Nevron Open Vision Documentation
Integrating NOV in Windows Forms

There are two ways in which NOV can integrate in a WinForms application - by dragging and dropping NOV controls from the toolbox (Designer Integration) and by writing code (Code Integration).

The integration of NOV in your application is by default performed by NOV project templates. If you are using project templates you can skip this documentation topic.
If you are using Visual Studio 2010 make sure that you target ".NET Framework 4.0" not ".NET Framework 4.0 Client Profile". 
Designer (Toolbox) Integration

You can simply drag and drop NOV controls from the Visual Studio Toolbox. The Visual Studio Designer will automatically add the necessary dll references to your project and you can start coding directly. The following code snippet shows how to say "Hello World from Nevron Open Vision" using this type:

1. Drag and Drop the NLabelControl from the "Nevron NOV Controls" toolbox category to the form.

2. Write the following code in the Form Load event handler

Installing NOV in Windows Forms
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private void Form1_Load(object sender, EventArgs e)
{
nLabelControl1.Widget.Text = "Hello World from NOV";
}

That's it - you have created your first WinForms application using a NOV control. For more information check out the Integrating NOV from the Visual Studio Toolbox topic.

Coded Integration

With this type of integration you write the code needed to add NOV controls to the WinForms form. This approach allows you to create interfaces that can easily be ported to Mac. Another benefit from this aproach is that you can create heavier interfaces (with many NOV controls).

The steps to use in this case are:

1. Create a new WinForm project in Visual Studio

This step is not mandatory, because you can integrate NOV in an already existing WinForm project. It is performed just for the purpose of making a complete installation scenario.

2. Reference the NOV Assemblies

Ensure that your application references the following NOV dlls:

  • Nevron.Nov.Presentation.dll - Core NOV assembly.
  • Nevron.Nov.Host.WinBase.dll - base assembly for Windows presentation hosts (WinForm and WPF). 
  • Nevron.Nov.Host.WinForm.dll - presentation host for WinForm. 
  • Nevron.Nov.Barcode.dll - NOV Barcode.
  • Nevron.Nov.Chart.dll - NOV Chart.
  • Nevron.Nov.Diagram.dll - NOV Diagram.
  • Nevron.Nov.Grid.dll - NOV Grid.
  • Nevron.Nov.Schedule.dll - NOV Schedule.
  • Nevron.Nov.Text.dll - NOV Text.

3. Initialize the NOV Application

Open the Program.cs file and ensure that the NNovApplicationInstaller.Install() method is called before the WinForm application runs the main form of the application.

Installing NOV for Windows Forms
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using Nevron.Nov;
using Nevron.Nov.Barcode;
using Nevron.Nov.Chart;
using Nevron.Nov.Diagram;
using Nevron.Nov.Grid;
using Nevron.Nov.Schedule;
using Nevron.Nov.Text;
using Nevron.Nov.Windows.Forms;
using System;
using System.Windows.Forms;
namespace WindowsFormsApp5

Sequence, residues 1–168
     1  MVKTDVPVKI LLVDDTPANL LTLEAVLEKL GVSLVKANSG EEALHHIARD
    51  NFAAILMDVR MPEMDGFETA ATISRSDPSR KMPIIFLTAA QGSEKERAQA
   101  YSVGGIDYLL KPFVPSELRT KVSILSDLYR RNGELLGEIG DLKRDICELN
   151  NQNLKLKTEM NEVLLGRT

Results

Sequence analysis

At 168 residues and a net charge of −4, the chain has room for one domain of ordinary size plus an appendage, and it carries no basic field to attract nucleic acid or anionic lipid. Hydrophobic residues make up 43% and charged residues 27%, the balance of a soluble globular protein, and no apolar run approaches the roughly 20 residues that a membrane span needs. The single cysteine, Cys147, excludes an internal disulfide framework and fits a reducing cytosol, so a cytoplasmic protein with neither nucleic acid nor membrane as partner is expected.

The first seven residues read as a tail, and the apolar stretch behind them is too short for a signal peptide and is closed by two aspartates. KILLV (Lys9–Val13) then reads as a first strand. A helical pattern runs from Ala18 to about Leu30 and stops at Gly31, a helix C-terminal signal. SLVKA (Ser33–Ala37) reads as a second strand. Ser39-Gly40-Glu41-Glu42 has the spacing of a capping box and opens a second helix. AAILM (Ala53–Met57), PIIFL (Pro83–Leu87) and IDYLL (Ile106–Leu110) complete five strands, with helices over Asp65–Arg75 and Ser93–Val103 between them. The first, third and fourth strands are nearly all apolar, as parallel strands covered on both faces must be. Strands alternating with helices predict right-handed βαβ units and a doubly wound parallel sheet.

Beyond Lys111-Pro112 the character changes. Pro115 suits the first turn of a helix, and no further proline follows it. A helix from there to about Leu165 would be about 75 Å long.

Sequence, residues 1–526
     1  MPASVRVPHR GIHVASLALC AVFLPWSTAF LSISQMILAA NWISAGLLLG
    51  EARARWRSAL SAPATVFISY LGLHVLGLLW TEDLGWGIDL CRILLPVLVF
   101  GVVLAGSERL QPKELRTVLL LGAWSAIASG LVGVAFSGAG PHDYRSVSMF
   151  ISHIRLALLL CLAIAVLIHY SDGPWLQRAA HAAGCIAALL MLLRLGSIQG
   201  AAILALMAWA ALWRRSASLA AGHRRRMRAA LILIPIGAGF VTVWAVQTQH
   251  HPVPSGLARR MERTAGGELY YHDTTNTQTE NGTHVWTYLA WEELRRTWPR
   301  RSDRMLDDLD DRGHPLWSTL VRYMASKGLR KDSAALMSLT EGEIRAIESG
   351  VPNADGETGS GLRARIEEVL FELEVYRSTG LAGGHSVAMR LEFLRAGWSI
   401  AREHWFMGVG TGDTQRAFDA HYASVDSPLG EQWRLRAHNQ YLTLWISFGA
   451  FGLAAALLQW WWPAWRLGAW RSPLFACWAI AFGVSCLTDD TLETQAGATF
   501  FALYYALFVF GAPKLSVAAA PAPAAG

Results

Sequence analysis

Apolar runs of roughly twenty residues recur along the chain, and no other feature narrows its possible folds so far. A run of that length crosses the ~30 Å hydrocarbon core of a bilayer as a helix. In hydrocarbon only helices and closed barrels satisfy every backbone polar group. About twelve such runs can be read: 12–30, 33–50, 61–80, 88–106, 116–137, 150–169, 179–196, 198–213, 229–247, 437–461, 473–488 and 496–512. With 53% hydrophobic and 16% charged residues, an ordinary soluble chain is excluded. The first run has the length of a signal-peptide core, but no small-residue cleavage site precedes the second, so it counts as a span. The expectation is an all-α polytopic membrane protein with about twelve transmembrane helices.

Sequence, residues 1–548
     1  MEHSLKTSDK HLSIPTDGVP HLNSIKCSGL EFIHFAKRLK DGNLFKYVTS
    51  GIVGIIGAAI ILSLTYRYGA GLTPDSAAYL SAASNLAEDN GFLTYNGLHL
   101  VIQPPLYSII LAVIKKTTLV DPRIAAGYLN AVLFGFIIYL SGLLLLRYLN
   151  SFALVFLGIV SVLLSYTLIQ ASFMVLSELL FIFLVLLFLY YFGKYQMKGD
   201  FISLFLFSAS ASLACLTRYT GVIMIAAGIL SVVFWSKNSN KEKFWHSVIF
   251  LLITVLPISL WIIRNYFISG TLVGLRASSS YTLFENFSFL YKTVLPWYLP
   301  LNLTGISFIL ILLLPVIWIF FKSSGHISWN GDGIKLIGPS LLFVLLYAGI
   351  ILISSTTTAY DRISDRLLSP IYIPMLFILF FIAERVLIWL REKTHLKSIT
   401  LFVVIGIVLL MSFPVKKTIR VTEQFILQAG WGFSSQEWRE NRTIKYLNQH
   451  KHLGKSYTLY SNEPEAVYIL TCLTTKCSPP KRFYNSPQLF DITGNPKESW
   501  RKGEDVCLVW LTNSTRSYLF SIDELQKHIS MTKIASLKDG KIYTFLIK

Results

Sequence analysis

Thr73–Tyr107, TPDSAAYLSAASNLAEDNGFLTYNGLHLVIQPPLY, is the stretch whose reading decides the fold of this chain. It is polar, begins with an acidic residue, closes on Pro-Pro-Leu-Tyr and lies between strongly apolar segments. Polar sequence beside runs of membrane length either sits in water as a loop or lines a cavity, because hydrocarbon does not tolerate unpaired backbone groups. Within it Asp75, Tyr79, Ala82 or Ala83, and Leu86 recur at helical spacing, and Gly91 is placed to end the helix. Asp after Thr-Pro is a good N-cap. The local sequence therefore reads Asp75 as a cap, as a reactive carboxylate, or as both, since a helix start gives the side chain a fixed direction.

{
    static class Program
    {
        /// <summary>
        /// The main entry point for the application.
        /// </summary>
        [STAThread]
        static void Main()
        {
            Application.EnableVisualStyles();
            Application.SetCompatibleTextRenderingDefault(false);
            // Apply license for redistribution here. You can skip this code when evaluating NOV.
            NLicenseManager.Instance.SetLicense(new NLicense("LICENSE KEY"));
            // Install NOV
            NModule[] modules = new NModule[] {
                NBarcodeModule.Instance,
                NChartModule.Instance,
                NDiagramModule.Instance,
                NGridModule.Instance,
                NScheduleModule.Instance,
                NTextModule.Instance
            };
            NNovApplicationInstaller.Install(modules);
            Application.Run(new Form1());
        }
    }
}
See Hosting NOV in your Application for more information about modules.

4. Say Hello World from NOV

Open the Form1.cs file and replace its content with the following code:

Say Hello World from NOV
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using System.Windows.Forms;
using Nevron.Nov.UI;
using Nevron.Nov.Windows.Forms;
namespace WindowsFormsApplication1
{
    public partial class Form1 : Form
    {
        public Form1()
        {
            InitializeComponent();
            // clear all controls from the form
            Controls.Clear();
            // Add a NOV widget inside the form
            NLabel sayHelloWorld = new NLabel("Hello World from Nevron Open Vision");
            Controls.Add(new NNovWidgetHost<NLabel>(sayHelloWorld));
        }
    }
}

Run the application - it should display a simple form with a "Hello World from Nevron Open Vision" label inside.

This is as much as is required to host some NOV content in Windows Forms. The sample just makes a simple label, as content of the NNovWidgetHost WinForms Control, but this control can actually contain any NOV widget. See the UI Overview topic for an overview of the User Interface that comes along with NOV.

See Also

UI

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